If you’re looking for a beta spray on those routes, this is not your post. Check out this guy’s Hallett Peak Trip Report. I didn’t see it until I got back, but he did a wonderful job and took all the relevant pictures that we did not. If I had seen it before we left, I’m sure our trip would have went a little more smoothly.

Nonetheless, for my first alpine, I think everything went really well and no real scary spots.

The approach was quite easy. (Shhhhhhhhh! Don’t tell anyone else!) We started at the Bear Lake trailhead and strolled the easy 2 miles up to Emerald Lake. We paused for about 30 sec. to take a look at where we were headed (Hallett is in obvious plain site by now) and continued on. There’s a about three-quarters-to-a-mile of easy scree field scrambling and just a couple of short snow traverses. We were at the base of the climb in no time.

The weather did not suck all day.

The weather did not suck all day.

We were considering several bottom route variations and settled on Great Dihedral, a 3-pitch 5.7. We flipped a carabiner to see who got the first lead, and as it turned out, I won. I solo’d up the first Class IV/V scramble and then waited for Keese to join me. We had actually thought that first “pitch” was supposed to be more technical. But since it wasn’t, Keese allowed me to take P2 as well.

Now, about these “3 pitches”. Let me back-up a little. During the planning phase of this climb, we decided to go with Keese’s 50m, “9.something” rope as opposed to my ginormous, beginner’s 10.8, 60m rope. On top of that, for a reason I did not understand at the time, we decided to leave some gear back at my apartment to lighten the rack. We still had a complete rack, but as you will see, more would have been better. Getting back to the climb…

After I lead “P2”, we were actually on the top of what was supposed to be P1. Now it was Keese’s turn to lead. Remember that shortage of gear? Yup, we had to stop short of the actual P2 anchors and setup another belay because we ran out of pro.

I’m a nice guy, and I would have gladly allowed him to lead up the 2nd half of P2, but due to some anchoring awkwardness, it was just safer and easier for me to continue on and lead the next part. According to Mountain Project, this was the best climbing on the whole route. I felt kind of bad for “stealing” it.

I made it to the belay station for the start of P3, but due to the confusion of intermediate belays, we didn’t actually know that at the time. We thought we had gotten off route. Turns out, we were right where we needed to be, but hindsight is 20/20 (I don’t even really know what that is supposed to mean). We rappelled down to a big ledge traverse and walked over to some Class III scrambling up to the headwall.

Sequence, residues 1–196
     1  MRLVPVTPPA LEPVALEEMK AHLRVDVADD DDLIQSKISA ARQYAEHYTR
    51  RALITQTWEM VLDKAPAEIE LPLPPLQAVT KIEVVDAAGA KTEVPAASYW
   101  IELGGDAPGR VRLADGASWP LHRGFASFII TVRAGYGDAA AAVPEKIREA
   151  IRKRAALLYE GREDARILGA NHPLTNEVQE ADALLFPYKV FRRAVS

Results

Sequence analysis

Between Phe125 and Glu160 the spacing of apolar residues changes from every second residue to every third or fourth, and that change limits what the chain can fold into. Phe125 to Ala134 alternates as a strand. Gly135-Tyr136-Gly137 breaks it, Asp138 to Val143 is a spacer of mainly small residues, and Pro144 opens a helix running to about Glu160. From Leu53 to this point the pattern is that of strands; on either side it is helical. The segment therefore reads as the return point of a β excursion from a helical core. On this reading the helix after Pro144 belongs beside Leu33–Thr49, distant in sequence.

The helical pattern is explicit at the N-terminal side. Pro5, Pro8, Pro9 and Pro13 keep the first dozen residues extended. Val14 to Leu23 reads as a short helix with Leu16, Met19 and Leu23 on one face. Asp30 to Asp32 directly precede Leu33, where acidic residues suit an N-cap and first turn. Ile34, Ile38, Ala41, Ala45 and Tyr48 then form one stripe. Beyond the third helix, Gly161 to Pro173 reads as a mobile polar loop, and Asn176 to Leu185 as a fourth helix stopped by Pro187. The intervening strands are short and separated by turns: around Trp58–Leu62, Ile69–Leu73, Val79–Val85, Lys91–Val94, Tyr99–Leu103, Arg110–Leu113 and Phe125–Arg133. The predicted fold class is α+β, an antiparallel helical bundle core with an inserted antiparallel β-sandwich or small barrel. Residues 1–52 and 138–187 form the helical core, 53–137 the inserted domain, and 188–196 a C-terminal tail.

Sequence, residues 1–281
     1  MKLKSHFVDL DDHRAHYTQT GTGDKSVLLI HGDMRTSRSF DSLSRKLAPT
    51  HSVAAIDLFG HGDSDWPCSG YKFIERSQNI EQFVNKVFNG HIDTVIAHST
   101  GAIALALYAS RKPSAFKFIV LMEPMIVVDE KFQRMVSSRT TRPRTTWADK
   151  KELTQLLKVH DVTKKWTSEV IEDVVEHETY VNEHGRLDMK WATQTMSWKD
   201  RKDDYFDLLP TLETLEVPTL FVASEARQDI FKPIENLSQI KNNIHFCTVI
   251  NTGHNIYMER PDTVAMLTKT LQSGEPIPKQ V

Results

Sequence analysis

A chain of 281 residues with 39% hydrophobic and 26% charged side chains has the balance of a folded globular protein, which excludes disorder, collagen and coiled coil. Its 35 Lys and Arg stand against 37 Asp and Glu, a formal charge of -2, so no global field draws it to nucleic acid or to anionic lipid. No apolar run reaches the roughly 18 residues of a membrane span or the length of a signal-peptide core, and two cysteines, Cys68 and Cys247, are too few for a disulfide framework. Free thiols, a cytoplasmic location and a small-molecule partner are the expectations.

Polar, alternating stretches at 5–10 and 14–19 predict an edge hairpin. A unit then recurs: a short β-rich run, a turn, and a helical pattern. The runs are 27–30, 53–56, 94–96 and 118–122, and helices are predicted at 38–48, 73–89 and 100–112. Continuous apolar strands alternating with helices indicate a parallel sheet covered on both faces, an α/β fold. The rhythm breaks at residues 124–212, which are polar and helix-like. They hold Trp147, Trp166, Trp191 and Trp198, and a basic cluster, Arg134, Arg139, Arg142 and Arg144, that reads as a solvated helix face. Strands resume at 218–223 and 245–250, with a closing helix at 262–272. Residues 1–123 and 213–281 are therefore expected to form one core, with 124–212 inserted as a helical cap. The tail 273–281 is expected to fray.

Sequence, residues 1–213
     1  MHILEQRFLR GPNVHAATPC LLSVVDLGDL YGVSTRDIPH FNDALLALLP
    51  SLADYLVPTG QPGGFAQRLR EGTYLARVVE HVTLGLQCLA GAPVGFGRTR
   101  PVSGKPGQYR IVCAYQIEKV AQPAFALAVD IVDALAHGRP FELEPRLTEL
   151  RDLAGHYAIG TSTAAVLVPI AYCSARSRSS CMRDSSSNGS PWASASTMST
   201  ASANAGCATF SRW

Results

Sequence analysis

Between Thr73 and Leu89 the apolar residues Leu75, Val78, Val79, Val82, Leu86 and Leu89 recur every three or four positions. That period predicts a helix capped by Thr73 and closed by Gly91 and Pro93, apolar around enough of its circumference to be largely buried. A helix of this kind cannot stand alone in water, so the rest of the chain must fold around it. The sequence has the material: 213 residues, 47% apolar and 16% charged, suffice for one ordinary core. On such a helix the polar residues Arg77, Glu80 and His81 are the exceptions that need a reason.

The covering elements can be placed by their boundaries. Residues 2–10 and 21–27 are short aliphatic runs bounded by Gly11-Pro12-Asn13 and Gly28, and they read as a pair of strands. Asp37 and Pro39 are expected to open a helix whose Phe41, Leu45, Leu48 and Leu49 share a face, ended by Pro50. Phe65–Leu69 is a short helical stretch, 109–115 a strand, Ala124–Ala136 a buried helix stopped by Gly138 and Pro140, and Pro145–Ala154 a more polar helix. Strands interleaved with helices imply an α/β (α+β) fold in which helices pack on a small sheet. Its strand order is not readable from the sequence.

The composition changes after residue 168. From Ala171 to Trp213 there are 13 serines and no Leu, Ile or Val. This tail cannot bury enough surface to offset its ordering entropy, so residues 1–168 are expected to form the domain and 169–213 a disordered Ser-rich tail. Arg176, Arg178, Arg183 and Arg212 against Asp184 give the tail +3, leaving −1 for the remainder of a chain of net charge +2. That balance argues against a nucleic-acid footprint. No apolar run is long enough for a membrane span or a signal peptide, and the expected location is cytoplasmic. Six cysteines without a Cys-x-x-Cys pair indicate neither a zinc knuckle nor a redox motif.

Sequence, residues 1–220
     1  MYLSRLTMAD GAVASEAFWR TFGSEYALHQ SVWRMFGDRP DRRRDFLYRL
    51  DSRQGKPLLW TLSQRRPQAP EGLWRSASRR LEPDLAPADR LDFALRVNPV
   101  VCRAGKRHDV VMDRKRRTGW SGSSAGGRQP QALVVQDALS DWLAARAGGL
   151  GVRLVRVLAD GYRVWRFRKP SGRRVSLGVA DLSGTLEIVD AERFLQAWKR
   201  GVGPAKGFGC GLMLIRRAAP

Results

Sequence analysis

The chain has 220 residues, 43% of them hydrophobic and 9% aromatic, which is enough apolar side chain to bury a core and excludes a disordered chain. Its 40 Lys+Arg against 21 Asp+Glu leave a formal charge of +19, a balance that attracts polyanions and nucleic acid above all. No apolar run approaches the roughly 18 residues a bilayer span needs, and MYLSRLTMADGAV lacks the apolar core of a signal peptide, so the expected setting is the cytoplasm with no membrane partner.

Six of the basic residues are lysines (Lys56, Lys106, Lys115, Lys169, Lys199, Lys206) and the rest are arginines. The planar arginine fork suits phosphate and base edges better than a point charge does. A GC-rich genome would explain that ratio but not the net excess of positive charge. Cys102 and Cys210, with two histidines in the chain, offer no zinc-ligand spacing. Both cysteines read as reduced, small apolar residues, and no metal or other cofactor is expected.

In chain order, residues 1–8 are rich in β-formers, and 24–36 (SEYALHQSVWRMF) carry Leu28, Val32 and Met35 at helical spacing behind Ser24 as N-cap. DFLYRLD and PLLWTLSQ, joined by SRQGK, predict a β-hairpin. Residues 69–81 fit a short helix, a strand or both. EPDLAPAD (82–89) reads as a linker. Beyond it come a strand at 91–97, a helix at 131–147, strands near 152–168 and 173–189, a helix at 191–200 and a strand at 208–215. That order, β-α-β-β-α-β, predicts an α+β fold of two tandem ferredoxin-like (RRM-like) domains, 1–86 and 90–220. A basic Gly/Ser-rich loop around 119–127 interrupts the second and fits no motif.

From here, we had three choices to get to the top: the standard route (5.5), center route (5.6), or continue Great Dihedral’s line where we left off (5.7).

Because we were running out of time (already “out of time” if this were a typical summer day I suspect), we opted for the fastest, easiest route: The standard route.

I had already gotten the honors of first pitch and “best pitch” so I really wanted Keese to lead the rest of the way, or at least the first and third (final). He got the first. I got the second. And what do you know: lack of gear turned P3 into two pitches. Once again, I stole all the glory by finishing the climb. Oh well, such is alpine climbing, I guess.

All in all, it was a completely stress-free, euphoric day. I was completely comfortable leading and with everything we did. It was a great intro to alpine route, and I absolutely loved the approach. I’m not much of a hiker. Hahaha!

Keese, looking back at our climb with Emerald lake behind him.

Keese, looking back at our climb with Emerald lake behind him.

The big takeaway from the day was this: if one has useful gear, one should bring gear (and not leave it behind).


Don’t Miss Your Chance

I was stuck in Corporate America for 9 years. I was miserable.

Then I took control.

You can too, and it starts right here.